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Alila Yangshuo: Sweet Abandon

A renovated 1960s sugar mill on the banks of the Yangshuo river, overlooked by a gigantic karst mountain range, forms the basis of Alila Hotel’s most poetic property yet.

A traditional fisherman and his cormorant on the UNESCO-protected Li River

It’s one of those rare places that makes you feel at once humble and empowered. Yangshuo, with its UNESCO-protected karst mountain range, is another world, another planet.   

Driving through the verdant landscape, the mountains rise on all sides as far as the eye can see, like enormous silent sentries. They have watched the world come and go for 200 million years or so, and they’re not going anywhere.   

It’s a suitable backdrop for a story of immovability, determination and conservation at any cost, which forms the basis of Alila Hotel’s most poetic property.   

On the banks of the winding Li River, framed by the towering, elegant fans of phoenix-tail bamboo, lies Alila Yangshuo. A 50-year-old former sugar-processing mill established in the late 1960s, the state-owned mill processed the raw sugar that was brought up the River Li by boat. In 2008, in order to protect the riverbed, the mill was shut down.  

A beautiful relict of a bygone time, for months the building stood abandoned. Plans were hatched to raze the buildings and develop the land. A local entrepreneur, Ms Luo, was so vehemently opposed to the destruction of this historic icon that she organised a group of locals to physically stand in front of the building in protest. The blockade worked, and this piece of architectural history remained intact.   

Ms Luo subsequently became a stakeholder in the old sugar mill, along with four other owners. Ten years ago, they were approached by Alila Hotels, which has been aggressively expanding in China, and so began a painstaking renovation.   

Alila Yangshuo's original 1960's architecture

Visit the hotel today and the façade of the original buildings are unchanged. A shallow moat encircles the red-brick structures, reflecting them like a mirror. Adjacent to the old buildings is a new property that houses the 117 guest rooms and suites. Designed by Dong Gong of Vector Architects with interiors by award-winning Ju Bin of Horizontal Space Design, the vision of Alila Yangshuo is to integrate the new with the old. Constructed from 60,000 handmade hollow local limestone bricks, interspersed with winding bamboo sculptures, the new building is a nod to the limestone karst mountains, fringed with bamboo forests.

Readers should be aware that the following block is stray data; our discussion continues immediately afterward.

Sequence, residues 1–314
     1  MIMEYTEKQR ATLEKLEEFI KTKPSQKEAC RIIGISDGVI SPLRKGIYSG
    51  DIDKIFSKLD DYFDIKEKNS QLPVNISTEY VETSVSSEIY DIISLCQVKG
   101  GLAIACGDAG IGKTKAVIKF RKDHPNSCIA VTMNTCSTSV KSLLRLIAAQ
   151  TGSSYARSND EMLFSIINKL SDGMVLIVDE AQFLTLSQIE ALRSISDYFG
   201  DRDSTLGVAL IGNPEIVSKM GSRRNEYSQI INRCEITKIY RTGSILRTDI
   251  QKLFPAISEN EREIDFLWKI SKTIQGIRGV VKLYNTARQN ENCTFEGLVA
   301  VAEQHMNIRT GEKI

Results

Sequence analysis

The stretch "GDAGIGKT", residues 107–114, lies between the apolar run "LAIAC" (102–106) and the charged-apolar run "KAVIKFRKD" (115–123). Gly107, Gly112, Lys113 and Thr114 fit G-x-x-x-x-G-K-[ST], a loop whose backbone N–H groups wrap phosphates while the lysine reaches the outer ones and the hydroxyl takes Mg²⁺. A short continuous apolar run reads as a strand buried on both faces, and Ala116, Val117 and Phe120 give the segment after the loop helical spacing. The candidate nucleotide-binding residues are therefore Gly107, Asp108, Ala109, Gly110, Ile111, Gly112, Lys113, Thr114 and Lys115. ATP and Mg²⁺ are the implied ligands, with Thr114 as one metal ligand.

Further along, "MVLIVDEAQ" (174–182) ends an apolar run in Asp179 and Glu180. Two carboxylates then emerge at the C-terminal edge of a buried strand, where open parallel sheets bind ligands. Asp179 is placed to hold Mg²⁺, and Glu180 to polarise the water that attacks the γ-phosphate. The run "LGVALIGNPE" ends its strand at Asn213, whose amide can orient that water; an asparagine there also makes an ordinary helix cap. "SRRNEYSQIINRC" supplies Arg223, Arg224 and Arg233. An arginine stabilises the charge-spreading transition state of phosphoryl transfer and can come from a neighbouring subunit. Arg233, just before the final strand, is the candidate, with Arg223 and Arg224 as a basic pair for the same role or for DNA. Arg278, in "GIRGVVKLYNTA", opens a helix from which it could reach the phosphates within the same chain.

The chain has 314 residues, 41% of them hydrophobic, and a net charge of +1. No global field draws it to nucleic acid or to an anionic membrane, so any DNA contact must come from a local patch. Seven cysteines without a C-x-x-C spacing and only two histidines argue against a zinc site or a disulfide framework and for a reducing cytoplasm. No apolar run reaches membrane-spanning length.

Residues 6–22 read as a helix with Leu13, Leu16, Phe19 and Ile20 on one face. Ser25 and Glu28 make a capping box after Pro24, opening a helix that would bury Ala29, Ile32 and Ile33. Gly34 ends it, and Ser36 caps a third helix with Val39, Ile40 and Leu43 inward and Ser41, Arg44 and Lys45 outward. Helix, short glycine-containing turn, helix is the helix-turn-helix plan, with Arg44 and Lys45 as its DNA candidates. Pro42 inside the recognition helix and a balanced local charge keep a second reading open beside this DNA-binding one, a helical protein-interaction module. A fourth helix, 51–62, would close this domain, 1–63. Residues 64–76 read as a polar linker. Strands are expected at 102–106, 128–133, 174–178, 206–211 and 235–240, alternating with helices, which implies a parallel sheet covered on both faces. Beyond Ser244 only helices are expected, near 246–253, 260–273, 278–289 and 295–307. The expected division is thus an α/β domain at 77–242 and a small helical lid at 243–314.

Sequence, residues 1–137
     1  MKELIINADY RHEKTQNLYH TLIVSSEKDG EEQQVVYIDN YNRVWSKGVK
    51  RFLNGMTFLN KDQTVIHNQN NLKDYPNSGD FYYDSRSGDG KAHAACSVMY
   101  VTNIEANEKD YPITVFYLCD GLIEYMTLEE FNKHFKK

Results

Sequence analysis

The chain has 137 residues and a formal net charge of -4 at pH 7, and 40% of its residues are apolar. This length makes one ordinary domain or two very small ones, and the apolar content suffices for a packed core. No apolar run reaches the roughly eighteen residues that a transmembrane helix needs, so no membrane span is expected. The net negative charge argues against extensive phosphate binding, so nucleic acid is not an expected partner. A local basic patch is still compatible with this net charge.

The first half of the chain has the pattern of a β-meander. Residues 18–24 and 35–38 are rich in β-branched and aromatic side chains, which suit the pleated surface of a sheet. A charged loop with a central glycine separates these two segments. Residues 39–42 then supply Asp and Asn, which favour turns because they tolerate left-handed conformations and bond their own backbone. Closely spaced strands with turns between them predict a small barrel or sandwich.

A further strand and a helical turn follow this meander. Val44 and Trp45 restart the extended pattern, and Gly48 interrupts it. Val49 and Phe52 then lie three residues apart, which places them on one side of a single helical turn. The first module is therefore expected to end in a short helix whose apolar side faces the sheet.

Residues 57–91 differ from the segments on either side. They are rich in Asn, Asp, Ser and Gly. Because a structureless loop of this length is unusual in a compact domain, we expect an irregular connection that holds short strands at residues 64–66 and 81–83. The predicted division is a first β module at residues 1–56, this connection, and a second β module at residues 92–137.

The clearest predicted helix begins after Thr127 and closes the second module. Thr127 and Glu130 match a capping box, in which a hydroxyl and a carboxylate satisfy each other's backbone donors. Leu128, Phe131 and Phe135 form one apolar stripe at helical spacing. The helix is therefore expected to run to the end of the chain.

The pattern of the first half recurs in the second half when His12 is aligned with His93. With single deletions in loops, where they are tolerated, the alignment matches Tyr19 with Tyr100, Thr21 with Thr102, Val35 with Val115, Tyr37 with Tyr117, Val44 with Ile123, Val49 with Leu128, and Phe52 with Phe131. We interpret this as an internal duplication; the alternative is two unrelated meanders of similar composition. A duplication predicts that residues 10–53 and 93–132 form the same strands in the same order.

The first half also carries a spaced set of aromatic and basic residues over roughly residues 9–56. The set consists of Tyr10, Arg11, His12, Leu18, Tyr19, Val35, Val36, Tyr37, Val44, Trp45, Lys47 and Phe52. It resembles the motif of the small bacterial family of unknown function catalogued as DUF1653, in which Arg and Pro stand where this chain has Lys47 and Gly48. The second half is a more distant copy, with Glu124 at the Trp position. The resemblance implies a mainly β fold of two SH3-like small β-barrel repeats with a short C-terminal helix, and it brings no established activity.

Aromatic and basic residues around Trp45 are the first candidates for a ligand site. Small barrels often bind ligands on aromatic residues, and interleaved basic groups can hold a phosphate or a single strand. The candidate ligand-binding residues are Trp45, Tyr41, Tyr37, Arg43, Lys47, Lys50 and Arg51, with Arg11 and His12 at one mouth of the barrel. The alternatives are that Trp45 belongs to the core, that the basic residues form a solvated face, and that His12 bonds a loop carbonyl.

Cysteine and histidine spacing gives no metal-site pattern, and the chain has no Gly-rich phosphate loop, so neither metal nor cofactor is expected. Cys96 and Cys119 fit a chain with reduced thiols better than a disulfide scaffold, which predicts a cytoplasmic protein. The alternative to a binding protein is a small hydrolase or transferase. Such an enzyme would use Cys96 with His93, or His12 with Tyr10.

Venture into the old buildings and you will find them full of quirky artworks. These are owned by one of the owners, Mr Yang Senior (his brother, Mr Yang Junior, also owns a stake). He says the building informed his choice of artwork, and you can tell. The intricately carved tribal wood sculpture on the wall of lobby are by a Chinese artist named Wu Wei, complimenting a duo of cloudy abstract paintings by an artist named Jiang Dahai. 

In the restaurant, wooden sculptures by Wu Wei gaze down upon diners, depicting rock climbers and families alike. Furniture throughout the rooms and open spaces are sourced from quirky designers including Maxmarko, Lost & Found and Camerich.  

Indeed, the buildings are works of art in themselves. The original aesthetic has been preserved as much as possible, down to propaganda slogans from the Mao era, which have been kept on the industrial brick walls as a kind of historical graffiti. In the restaurant the 50-year-old brickwork is beautifully exposed, while warm teak wooden beams line the ceiling. Parts of the original processing, pressing and refining equipment are visible in the bar. The extensive cocktail menu here is inspired by themes of sugar and rum.  

Mr Yang says his favourite spot in the hotel is the swimming pool, and it’s not hard to see why. The original sugarcane dock, where machinery once heaved the heavy sacks of sugar from river to the bank, has been transformed into a swimming pool. With its unique angular structure and its view of the meandering River Li, dips don’t get much more dramatic.  

This article originally appeared in Billionaire's Discovery Issue, September 2018. To subscribe contact This email address is being protected from spambots. You need JavaScript enabled to view it.